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MANTEL: So perhaps if it was going to happen that was the best time for it to happen. But I take your point, it is very strange. I lived in a block of four flats. My neighbors were, they were not all Saudis, but they were Muslims. Upstairs from me was a young Saudi couple. The wife was about 19, she had a baby. We saw each other most days, we'd have coffee and a chat, and she was a student at the women's university and I'd help her with her work but, of course, I was never introduced to her husband, and if we happened to pass in the common hallway, then his reaction was to look straight through me and at the wall as if I was invisible for all my newly gained flesh. And by doing this he was showing his respect for me. Now, you have to work hard to get your head around that, that making someone invisible is a form of respect.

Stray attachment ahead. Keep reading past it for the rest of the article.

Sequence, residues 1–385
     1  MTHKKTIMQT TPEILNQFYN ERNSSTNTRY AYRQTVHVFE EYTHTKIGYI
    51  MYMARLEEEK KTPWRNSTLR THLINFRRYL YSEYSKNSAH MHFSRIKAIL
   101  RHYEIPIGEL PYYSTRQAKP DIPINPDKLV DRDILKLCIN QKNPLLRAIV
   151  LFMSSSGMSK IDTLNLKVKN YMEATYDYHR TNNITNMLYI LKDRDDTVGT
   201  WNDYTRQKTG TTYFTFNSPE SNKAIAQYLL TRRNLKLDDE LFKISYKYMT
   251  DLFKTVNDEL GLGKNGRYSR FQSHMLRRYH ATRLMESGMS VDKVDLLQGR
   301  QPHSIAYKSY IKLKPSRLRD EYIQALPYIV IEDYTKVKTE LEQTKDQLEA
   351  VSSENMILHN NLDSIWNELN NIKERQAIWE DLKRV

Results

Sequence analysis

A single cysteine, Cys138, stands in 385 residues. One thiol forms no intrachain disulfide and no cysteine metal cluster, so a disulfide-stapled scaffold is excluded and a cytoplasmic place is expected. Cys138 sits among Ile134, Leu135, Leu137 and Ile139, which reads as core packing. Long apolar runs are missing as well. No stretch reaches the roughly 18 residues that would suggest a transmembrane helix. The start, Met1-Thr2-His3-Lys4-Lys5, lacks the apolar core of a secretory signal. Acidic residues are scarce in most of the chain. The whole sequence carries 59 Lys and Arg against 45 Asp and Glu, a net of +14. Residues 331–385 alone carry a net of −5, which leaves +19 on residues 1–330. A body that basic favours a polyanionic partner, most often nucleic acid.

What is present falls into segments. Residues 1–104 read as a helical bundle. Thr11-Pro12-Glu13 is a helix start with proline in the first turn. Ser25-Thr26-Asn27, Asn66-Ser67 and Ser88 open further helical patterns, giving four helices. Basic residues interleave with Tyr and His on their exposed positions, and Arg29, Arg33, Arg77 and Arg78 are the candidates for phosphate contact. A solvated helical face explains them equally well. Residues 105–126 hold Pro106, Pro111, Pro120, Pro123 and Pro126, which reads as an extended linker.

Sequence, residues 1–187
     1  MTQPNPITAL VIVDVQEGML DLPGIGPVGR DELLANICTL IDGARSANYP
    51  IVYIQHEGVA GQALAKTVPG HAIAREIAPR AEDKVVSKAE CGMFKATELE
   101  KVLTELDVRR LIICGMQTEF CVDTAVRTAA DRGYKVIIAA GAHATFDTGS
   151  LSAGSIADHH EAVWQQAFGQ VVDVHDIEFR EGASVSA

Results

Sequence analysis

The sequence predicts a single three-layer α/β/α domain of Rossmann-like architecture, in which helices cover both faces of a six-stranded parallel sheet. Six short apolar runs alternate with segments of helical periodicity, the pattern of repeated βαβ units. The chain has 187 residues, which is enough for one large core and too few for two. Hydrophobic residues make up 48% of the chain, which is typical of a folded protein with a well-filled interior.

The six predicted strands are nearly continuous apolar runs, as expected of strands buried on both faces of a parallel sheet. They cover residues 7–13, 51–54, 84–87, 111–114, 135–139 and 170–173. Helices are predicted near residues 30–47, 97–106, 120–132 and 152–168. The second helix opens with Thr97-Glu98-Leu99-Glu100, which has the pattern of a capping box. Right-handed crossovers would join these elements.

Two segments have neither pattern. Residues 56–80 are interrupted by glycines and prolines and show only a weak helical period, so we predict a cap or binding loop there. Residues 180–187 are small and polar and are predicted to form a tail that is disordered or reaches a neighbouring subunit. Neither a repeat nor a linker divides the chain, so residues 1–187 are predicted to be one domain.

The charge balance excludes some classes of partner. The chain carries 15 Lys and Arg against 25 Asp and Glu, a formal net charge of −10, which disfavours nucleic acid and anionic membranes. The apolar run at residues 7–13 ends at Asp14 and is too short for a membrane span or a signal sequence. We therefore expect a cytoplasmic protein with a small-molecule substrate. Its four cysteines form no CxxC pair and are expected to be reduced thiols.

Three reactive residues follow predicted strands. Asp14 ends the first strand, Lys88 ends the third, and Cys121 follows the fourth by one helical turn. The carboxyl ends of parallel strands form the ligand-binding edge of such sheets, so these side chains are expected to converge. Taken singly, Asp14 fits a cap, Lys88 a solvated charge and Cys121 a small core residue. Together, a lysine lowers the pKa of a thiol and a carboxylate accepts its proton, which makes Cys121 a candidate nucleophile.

I wasn't wearing a black veil but he was dropping one over me. Then you go to the shops, you go, let's say, into the drugstore. You'd ask for a package of aspirin and the man wouldn't talk to you. And he'd look over your shoulder. And your husband would say, can she have a package of aspirin, please? And he's say yes, sir.
GROSS: Was it hard after getting back to England from your years in Saudi Arabia to be an empowered person again?
MANTEL: Well, you know, I used to come back every summer, so my life turned into two parts - a woman who ran her own life in Britain and a woman who in Saudi Arabia simply didn't have a life to run. And sometimes when I was in Saudi Arabia I used to take out the evidence of my other life. I used to read the stubs on my checkbook thinking, yes, there was a time when I could pay for my own aspirin or whatever.